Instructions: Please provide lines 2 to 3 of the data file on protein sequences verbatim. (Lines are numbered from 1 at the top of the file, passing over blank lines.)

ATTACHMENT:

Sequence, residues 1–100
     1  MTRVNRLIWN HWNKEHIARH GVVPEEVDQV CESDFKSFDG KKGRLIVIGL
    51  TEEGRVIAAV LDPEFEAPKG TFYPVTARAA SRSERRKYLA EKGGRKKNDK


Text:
     1  MTRVNRLIWN HWNKEHIARH GVVPEEVDQV CESDFKSFDG KKGRLIVIGL
    51  TEEGRVIAAV LDPEFEAPKG TFYPVTARAA SRSERRKYLA EKGGRKKNDK